Many of you know I publish a newsletter monthly. One thing I love about it is that after almost a decade of writing it regularly, the list has grown considerably. And I’m always surprised at how many former colleagues are actually reading it. So that is a really gratifying thing. Thanks to those who are, … Continue reading Should we be muddying the relational waters? Use cases for MySQL & Mongodb → …[Read more]
Read the original article at MySQL needs single master to check data integrity
MySQL slaves can drift out of sync. Many of our clients are surprised to find some data differences in their replication topology, once we do some checking and sniffing around. Such checks require a single reliable or authoritative master to compare against. Click through to the end for multi-master solutions that work with MySQL. Reason [...]
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This article discusses about the approach taken by InnoDB Storage Engine of MySQL to provide the
repeatable read isolation level. First, an example is
presented to demonstrate the two different designs that are
possible. Then the design used in InnoDB is presented
followed by a short discussion about the advantages and
disadvantages of this design choice. As part of this
discussion, we also present a performance optimization done in
An Example Scenario
I used MySQL 5.5 for this purpose. Let us create the
following tables t1 and t2 in the test database that is available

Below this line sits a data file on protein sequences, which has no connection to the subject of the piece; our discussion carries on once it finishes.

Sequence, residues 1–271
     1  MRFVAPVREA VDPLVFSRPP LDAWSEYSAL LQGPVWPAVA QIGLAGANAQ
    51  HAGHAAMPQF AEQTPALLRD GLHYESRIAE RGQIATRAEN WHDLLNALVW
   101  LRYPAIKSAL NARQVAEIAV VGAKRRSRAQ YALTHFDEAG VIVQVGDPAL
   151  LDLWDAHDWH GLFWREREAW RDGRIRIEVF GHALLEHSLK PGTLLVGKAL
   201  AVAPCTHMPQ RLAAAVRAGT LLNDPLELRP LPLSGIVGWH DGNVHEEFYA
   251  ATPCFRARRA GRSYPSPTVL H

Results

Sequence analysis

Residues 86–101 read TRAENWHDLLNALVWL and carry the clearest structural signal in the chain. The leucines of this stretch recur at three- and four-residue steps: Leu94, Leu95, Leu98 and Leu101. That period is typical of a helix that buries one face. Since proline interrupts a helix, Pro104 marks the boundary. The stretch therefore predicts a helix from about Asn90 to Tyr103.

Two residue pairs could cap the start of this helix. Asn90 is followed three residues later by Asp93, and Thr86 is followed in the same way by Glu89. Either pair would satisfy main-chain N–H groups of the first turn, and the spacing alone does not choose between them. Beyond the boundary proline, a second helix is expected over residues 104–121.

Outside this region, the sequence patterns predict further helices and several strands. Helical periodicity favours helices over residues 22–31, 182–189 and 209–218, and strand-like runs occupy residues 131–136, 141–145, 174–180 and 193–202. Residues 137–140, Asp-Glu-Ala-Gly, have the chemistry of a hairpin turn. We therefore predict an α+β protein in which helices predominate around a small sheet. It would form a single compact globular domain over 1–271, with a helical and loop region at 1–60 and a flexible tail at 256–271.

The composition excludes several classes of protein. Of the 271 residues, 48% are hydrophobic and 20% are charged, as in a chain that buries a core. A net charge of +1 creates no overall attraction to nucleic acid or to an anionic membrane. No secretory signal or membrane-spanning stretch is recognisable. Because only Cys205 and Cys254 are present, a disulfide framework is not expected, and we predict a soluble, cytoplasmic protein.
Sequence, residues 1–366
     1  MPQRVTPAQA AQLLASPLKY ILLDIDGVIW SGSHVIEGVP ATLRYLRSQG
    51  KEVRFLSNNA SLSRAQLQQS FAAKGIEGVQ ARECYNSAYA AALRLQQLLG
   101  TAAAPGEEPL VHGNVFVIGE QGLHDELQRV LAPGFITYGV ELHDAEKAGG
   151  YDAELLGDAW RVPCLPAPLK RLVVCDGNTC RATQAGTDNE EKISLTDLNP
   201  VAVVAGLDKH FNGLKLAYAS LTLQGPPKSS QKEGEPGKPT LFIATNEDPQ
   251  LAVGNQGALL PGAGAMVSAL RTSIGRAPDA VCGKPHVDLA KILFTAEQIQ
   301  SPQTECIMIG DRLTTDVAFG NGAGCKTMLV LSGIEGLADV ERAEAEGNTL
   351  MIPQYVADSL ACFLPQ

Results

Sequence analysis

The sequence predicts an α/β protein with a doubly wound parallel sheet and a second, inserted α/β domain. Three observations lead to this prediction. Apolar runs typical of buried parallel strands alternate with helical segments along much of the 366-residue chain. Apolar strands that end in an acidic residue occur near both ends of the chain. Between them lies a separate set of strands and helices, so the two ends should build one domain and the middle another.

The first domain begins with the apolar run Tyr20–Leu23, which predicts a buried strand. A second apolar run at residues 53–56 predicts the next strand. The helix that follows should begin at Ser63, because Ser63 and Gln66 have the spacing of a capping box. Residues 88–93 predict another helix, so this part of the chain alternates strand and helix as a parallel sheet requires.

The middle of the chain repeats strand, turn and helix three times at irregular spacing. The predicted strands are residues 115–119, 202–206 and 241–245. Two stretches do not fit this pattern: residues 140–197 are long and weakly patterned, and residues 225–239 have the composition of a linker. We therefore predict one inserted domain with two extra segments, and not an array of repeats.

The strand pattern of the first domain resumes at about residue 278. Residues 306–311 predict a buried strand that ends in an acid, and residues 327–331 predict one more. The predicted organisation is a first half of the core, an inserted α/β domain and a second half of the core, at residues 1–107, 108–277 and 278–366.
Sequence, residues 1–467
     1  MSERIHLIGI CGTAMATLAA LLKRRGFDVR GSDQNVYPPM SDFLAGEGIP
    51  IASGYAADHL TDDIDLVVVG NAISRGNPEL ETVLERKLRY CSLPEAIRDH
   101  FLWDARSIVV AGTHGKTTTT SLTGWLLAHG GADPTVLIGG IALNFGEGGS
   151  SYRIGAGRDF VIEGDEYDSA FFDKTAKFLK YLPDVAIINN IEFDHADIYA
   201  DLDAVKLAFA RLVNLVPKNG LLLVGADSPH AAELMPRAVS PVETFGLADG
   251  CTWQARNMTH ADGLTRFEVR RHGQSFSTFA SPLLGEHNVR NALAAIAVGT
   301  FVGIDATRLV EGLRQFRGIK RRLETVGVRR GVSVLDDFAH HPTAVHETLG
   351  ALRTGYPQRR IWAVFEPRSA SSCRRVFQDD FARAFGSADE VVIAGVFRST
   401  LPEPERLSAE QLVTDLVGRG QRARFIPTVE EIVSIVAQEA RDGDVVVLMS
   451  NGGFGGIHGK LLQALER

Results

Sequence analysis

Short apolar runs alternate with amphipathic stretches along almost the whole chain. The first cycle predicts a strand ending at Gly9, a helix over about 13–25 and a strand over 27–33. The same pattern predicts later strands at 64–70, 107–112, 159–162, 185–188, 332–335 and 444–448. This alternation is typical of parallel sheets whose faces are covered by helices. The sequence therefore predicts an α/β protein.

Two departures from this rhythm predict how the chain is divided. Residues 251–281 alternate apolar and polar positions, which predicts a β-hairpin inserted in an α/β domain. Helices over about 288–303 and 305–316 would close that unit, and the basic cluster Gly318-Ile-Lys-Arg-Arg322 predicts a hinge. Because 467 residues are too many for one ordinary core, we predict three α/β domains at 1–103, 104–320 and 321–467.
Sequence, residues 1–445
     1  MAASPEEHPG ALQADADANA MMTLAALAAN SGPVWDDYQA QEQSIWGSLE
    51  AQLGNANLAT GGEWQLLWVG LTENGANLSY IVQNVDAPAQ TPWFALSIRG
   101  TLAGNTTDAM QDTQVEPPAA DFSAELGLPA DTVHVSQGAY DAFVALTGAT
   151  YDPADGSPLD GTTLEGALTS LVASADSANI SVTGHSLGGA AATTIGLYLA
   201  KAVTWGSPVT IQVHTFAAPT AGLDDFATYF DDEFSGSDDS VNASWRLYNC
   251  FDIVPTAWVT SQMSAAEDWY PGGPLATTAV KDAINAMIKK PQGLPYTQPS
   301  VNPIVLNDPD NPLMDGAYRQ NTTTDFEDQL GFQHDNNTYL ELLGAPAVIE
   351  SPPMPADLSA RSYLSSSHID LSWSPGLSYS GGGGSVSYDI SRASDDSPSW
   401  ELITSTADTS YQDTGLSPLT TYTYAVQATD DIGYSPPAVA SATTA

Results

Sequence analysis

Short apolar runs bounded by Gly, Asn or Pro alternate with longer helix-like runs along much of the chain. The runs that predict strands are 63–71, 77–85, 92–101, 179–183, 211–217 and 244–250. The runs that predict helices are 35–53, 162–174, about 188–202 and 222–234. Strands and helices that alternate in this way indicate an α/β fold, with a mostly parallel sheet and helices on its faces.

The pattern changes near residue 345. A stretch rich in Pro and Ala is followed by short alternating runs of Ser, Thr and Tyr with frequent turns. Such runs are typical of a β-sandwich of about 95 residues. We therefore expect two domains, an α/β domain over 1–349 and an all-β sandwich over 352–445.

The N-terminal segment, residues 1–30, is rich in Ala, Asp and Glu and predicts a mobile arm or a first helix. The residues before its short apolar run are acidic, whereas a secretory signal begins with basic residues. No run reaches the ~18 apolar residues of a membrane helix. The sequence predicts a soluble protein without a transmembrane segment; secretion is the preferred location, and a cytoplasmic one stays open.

by default. Even though the default storage engine in MySQL 5.5
is InnoDB, I explicitly specify it for clarity.
mysql> use test;
mysql> create table t1 (f1 int) engine=innodb;
mysql> create …
Isolation is an important part of ACID properties that guarantee that transactions are processed in a reliable manner. But there are four different levels of isolation available and you have to understand each one of them to be able to select the correct one for your needs. This post intends on explaining the four levels together with their effects on locking and performance.
Contrary to what I said earlier, Falcon has decided to deliberately disable statement-based replication using the same capabilities mechanism that InnoDB uses.
The reason is that isolation between concurrent transactions cannot be guaranteed, meaning that two concurrent transactions are not guaranteed to be serializable (the result of a concurrent transaction that has committed can "leak" into an ongoing transaction). Since they are not serializable, it means they cannot be written to the binary log in an order that produce the same result on the slave as on the master.
However, when using row-based replication they are serializable, because whatever values are written to the tables are also written to the binary log, so if data "leaks" into an ongoing transaction, this is what is written to the binary log as …[Read more]